Androids and Aliens and Death, oh my!

Directed by Ridley Scott

Starring Michael Fassbender, Katherine Waterston, Danny McBride

Released May 19th, 2017

Rated R


Two thousand passengers in hypersleep on the spaceship Covenant are heading to Origae-6, a planet deemed to be habitable for humankind. A small crew is awake on board, guiding the ship toward their new home, a trip that is estimated to last around seven years. After passing through a major space storm, a distress signal arrives in the form of a John Denver song.

Tennessee (Danny McBride) recognizes the melody and says it’s coming from a nearby planet, one that looks like it’s safe for humans. Oram (Billy Crudup), a man of faith and Captain of the ship, wants to go check it out, thinking they may be able to make their home there instead of Origae-6. Daniels (Katherine Waterston) is against the idea, preferring to stay the course to their destination. She was going to build a log cabin with her husband there. Oram wins out.

The crew, along with their android Walter (Michael Fassbender), explore the planet attempting to find out where the distress signal came from. They find David (Michael Fassbender), an older android from the ship Prometheus. What has David been doing alone on this planet all this time? How did he get there? Did he send the distress signal? WHY ARE THERE MONSTERS ON THIS PLANET? OH GOD, EVERYONE IS DYING! HELP! HELP!

While Prometheus was experimental, this film is lean and meaner.

I was pleasantly surprised at how cruelly Alien: Covenant treats its characters. Not everything works (there is a goofy shower scene toward the end), but overall this is a very dark science fiction film with an intense ending full of gore and space madness. Danny McBride is strong in a rare non-comedic performance, and Katherine Waterston fills the role of action heroine nicely, but the film belongs to Fassbender.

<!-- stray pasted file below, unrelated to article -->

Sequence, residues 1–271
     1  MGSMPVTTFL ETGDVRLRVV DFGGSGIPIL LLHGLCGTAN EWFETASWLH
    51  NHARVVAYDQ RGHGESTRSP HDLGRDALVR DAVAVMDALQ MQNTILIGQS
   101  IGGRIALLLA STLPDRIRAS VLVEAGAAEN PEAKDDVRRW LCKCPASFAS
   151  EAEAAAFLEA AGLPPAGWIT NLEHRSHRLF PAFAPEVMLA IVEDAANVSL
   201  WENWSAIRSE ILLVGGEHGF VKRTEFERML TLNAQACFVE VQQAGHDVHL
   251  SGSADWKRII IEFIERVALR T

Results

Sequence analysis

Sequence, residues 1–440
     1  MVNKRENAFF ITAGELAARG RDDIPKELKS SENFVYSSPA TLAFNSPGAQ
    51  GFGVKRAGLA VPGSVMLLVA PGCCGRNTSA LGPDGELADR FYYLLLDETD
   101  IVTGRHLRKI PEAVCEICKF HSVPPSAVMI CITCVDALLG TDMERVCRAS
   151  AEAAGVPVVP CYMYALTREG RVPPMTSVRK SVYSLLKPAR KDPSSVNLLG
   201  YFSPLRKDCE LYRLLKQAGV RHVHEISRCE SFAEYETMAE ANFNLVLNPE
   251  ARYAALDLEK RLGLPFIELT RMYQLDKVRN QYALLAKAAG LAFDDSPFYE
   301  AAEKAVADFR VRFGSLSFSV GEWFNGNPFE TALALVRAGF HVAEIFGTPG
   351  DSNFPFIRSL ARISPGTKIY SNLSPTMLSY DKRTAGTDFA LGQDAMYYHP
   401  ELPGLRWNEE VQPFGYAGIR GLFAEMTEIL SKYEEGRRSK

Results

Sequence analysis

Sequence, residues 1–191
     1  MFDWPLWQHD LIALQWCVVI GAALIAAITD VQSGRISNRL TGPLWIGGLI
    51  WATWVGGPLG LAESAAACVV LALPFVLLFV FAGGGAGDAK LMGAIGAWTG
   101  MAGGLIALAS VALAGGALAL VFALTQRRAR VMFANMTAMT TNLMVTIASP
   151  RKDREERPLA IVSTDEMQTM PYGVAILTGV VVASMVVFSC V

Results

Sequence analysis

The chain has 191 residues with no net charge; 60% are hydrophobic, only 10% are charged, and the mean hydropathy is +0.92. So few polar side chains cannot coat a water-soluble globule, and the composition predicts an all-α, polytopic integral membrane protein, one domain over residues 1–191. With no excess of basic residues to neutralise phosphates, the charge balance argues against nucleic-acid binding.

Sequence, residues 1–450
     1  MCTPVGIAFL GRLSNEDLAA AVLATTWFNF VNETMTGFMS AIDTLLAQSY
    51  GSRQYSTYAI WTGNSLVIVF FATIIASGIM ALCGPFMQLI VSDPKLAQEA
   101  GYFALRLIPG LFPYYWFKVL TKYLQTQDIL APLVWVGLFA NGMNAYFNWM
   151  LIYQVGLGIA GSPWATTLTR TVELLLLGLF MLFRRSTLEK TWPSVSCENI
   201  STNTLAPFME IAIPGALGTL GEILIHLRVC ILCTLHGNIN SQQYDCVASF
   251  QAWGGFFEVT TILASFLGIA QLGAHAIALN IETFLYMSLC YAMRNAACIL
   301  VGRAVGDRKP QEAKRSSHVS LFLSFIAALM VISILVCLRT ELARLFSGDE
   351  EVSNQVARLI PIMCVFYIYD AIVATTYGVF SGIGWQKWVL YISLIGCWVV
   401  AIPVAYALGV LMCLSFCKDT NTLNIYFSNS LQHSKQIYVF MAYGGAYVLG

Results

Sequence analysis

As Walter and David, two very different synthetics, Michael Fassbender gives some of his finest performances to date opposite himself. Walter doesn’t understand David’s motivations. He lives to serve. David considers himself More Human Than Human. He doesn’t want to settle for an existence bringing humans tea. He wants to create life. To that end, we see the creation (or at least the mutation) of the classic xenomorph creature from the original Alien films. Don’t be confused however, Covenant isn’t really about where the aliens come from, it’s more about what fuels the desire to create them.

Alien: Covenant is the third film in Ridley Scott’s Alien saga, after 1979’s Alien and 2014’s Prometheus. Scott doesn’t consider Jim Cameron’s Aliens, David Fincher’s Alien 3, or Jean-Pierre Jeunet’s Alien: Resurrection to be canon, let alone the Alien vs. Predator films. So you’re not going to see alien swarms or dreadlocked predators or alien queens. Androids though, you’ll see some androids.

Nobody expected Ridley Scott to return to the franchise he kickstarted and so far he’s delivered two films that add to the mythology in surprising ways. While Prometheus was experimental, this film is lean and meaner. Alien: Covenant is a worthy entry in a series of films set in an ugly, broken universe where humans do stupid, emotional things while running from horrific monsters. It’s an anthology that shows how vulnerable humankind is even as we move through space and create artificial intelligence. For all of our grand accomplishments, we are still fragile things failing to impress God.